UPDATE:  Three people were killed after two sightseeing airplanes carrying cruise ship tourists collided in midair Monday near a southeast Alaska town, the Coast Guard said.

Three others are missing after the collision about 10 miles (16 kilometres) from Ketchikan, Coast Guard Lt. Brian Dykens said.

The Coast Guard had a cutter onsite and planned to work overnight to find the missing.

The National Transportation Board was sending an elite investigative team from Washington, D.C., to investigate the crash, another deadly mishap for cruise ship passengers taking side excursions off cruise ships in Ketchikan.

The planes collided under unknown circumstances, Federal Aviation Administration spokesman Allen Kenitzer said in an email to The Associated Press.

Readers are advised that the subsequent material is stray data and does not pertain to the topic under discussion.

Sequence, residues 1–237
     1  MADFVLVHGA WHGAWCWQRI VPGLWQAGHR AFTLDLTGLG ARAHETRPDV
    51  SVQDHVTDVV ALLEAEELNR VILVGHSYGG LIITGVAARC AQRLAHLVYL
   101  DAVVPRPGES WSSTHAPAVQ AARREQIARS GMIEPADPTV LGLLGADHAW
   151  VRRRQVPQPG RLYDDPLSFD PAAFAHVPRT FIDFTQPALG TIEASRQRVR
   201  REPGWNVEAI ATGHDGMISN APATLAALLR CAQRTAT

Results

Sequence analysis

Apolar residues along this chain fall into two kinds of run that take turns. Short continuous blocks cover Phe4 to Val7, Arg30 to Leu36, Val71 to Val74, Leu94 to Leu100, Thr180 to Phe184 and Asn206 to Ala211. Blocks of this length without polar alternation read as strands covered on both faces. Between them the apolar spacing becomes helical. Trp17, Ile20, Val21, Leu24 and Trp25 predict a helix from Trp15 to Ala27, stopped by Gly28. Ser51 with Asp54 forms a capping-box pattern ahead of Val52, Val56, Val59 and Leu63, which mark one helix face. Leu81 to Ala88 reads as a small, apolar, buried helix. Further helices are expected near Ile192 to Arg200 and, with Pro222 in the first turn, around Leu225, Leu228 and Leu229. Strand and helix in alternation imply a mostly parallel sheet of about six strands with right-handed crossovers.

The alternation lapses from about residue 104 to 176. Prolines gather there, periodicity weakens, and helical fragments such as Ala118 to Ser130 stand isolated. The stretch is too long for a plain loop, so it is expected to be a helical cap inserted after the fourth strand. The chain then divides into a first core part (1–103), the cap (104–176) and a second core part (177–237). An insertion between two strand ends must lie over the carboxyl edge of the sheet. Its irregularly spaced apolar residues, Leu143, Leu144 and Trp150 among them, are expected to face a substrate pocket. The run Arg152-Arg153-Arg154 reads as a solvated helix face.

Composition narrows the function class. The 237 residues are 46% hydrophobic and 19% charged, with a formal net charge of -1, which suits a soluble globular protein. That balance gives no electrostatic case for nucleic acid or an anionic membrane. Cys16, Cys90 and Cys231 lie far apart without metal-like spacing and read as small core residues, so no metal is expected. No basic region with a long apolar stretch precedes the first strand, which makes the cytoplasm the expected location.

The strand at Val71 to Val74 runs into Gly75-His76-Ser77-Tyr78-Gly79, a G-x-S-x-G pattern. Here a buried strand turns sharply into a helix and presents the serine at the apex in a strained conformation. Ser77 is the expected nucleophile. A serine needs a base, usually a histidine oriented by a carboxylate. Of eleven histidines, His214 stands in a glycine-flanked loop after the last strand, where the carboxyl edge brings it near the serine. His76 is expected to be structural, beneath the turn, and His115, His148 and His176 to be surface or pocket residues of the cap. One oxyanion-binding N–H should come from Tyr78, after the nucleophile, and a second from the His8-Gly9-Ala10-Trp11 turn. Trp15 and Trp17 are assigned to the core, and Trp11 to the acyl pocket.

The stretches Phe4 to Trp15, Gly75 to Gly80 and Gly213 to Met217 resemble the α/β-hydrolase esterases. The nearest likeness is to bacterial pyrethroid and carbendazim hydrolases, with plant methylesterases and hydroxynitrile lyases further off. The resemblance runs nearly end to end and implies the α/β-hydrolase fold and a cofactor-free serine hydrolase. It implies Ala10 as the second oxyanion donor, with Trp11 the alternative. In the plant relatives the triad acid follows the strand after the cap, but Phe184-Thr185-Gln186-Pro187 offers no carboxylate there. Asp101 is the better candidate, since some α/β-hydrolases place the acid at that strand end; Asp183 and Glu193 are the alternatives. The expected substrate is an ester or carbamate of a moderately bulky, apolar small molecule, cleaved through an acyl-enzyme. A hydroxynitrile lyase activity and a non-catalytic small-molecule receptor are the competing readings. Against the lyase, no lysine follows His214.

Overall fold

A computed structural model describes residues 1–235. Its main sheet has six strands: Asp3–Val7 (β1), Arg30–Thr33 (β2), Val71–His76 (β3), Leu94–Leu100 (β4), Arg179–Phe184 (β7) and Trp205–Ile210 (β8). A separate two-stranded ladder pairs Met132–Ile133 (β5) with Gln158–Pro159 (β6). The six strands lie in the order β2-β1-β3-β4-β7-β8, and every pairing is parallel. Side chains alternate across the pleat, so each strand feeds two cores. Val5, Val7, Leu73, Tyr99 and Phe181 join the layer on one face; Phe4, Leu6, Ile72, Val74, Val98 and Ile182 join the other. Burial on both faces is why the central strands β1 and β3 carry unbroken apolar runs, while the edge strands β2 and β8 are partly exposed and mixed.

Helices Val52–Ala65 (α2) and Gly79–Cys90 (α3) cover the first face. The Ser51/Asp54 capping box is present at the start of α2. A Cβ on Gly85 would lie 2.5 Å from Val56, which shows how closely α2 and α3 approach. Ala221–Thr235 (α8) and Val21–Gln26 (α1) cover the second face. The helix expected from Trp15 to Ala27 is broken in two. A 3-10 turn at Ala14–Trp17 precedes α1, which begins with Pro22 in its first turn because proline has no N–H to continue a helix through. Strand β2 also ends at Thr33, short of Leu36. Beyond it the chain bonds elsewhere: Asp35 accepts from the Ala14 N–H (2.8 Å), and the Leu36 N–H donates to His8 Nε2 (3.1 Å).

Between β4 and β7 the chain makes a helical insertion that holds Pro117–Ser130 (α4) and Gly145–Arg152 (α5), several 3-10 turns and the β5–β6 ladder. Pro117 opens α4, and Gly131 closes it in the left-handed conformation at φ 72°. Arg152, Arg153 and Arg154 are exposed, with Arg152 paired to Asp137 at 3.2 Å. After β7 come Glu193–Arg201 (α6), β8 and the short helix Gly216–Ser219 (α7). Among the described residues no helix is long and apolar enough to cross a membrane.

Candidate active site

Eleven passengers were on a de Havilland Otter DHC-3. Ten of those passengers were taken to a Ketchikan hospital.

One patient was listed in critical condition but has since been upgraded, and the others were in fair or good condition, according to Mischa Chernick, a spokeswoman for PeaceHealth Ketchikan Medical Center.

Five people were aboard the other plane, a de Havilland DHC-2 Beaver.

Ketchikan is approximately 140 kilometres northwest of Prince Rupert, B.C., as the crow flies.

A passenger on the Royal Princess cruise ship told the AP that 14 people on the downed floatplanes were cruise passengers.

Cindy Cicchetti said the ship captain announced that two planes were in an accident Monday.

The FAA and the National Transportation Safety Board are investigating.

Weather conditions in the area on Monday included high overcast skies with 14 kilometres per hour southeast winds.

CBC/Associated Press 

 

Ben O'Hara